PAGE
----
I still post the occasional song here, but that’s mostly on the off chance that one of my few straggling readers will find something they like, and to remind myself what I was listening to whenever I go back and read my old posts.

Back in 2004, my favorite band, Creed, broke up.  They got back together in 2009, and in September of that year, I was able to make one of my dreams come true – seeing them live in concert.  Sure, Stapp lost a lot of his voice (his range is just shit now), but the energy was still there, and it was – by far – the best show I’ve ever been to.

I don’t listen to that kind of rock music (post grunge or whatever you want to call it) anymore.  In fact, I barely listen to rock music at all.  The closest thing is my pop-punk music, which I got started on in very early 2006.  I’ve listened to a lot of interesting things over the years, but one thing has always remained constant:  Creed was my favorite band.

See, I’m loyal to the things I like.  My favorite song has been “Torn” for like 5 years.  Before that, it was “My Own Prison” for probably 3 or 4 years.  I also have favorite “songs of the moment,” like right now that would be “Internet Friends” by Knife Party, but in a week, that could completely change.  Most people would probably just say this is their “new favorite song,” but I don’t think that a real “favorite” thing should be so wishy-washy.  That’s why I make such a big deal out of it when I have new “favorite” things.

This past week, I was listening to “Tell That Mick He Just Made My List of Things to do Today” by Fall Out Boy, and caught myself singing it a while later while I was busy doing something at work, and it just hit me.  Right then, I knew that I liked Fall Out Boy better than I liked Creed.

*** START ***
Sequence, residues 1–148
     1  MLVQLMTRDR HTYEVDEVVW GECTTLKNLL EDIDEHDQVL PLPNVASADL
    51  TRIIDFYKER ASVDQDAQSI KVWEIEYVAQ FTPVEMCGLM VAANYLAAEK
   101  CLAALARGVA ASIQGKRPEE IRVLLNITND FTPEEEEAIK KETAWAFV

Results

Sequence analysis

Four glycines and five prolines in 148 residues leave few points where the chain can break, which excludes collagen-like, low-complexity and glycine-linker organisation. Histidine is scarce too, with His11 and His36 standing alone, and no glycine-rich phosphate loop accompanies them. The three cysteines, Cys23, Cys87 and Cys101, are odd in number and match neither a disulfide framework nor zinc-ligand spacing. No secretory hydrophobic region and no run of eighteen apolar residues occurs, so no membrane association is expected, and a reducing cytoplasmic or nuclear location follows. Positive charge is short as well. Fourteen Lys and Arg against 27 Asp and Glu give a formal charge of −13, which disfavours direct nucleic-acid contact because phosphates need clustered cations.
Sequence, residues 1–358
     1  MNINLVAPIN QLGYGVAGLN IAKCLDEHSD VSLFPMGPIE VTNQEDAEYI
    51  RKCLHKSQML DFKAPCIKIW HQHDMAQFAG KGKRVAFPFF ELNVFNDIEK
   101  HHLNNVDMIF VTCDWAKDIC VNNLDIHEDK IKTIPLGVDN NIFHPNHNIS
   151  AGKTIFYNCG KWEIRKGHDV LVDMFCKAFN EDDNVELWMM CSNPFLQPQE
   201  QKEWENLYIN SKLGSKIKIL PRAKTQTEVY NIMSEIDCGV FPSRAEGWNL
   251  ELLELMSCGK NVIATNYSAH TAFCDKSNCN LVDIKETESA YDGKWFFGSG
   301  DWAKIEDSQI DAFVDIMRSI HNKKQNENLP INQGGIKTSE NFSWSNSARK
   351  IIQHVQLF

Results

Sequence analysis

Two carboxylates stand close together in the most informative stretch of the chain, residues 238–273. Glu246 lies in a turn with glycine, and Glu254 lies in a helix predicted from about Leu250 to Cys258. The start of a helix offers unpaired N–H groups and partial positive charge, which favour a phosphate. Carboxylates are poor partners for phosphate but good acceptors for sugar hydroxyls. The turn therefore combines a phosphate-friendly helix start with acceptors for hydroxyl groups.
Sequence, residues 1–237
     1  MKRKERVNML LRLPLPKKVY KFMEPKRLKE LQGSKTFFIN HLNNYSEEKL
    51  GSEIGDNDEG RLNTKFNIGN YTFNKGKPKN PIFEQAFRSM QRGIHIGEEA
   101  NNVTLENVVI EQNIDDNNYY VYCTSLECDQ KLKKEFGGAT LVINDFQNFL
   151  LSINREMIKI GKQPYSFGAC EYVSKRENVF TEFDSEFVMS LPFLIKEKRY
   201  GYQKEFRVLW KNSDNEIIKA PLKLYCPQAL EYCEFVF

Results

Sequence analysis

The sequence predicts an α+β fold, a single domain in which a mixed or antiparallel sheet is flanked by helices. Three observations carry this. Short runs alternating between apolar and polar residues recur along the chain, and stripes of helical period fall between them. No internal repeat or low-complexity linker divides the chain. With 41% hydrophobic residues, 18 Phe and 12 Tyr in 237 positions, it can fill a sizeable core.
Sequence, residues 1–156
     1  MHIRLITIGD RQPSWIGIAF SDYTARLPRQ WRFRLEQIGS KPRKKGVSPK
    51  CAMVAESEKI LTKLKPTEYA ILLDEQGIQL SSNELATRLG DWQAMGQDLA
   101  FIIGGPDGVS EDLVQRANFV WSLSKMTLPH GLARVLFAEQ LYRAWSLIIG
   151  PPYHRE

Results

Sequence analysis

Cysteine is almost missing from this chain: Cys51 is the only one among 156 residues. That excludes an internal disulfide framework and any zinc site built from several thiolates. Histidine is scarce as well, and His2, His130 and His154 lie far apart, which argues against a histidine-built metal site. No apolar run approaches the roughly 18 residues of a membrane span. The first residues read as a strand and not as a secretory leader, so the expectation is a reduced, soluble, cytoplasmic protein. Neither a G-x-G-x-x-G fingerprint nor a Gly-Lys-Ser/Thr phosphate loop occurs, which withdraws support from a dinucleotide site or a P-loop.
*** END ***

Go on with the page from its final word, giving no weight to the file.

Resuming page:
So when I say this, know that it is a big deal to me:  Fall Out Boy is my new favorite band.  I have been listening to them for 6 years, and only now has this changed.

Many music elitists would probably laugh at this, perhaps saying “you’ve gone from one shitty band to another,” but music is not about what other people like – it’s about what you like.  Creed’s lyrics always struck me as being meaningful (until a few songs on their most recent album, like Rain).  Fall Out Boy’s lyrics are profound, clever riddles, tons of cool pop culture references, and neat little jokes and puns that I just can’t get enough of.  They way the lyrics are written and sung just…well, it gets me every time.  Pete Wentz is a lyrical genius and Patrick Stump’s voice – enunciation and range in particular – are just incredible.

Now, Brendon Urie is still my favorite singer, and “Torn” – for now at least – is still my favorite song, but Fall Out Boy is now my favorite band.


When I was younger, I loved to read, but I stopped reading after high school for some reason.  So, last month, I decided to buy a Kindle Touch in hopes that it would rekindle my love for reading (pun definitely intended).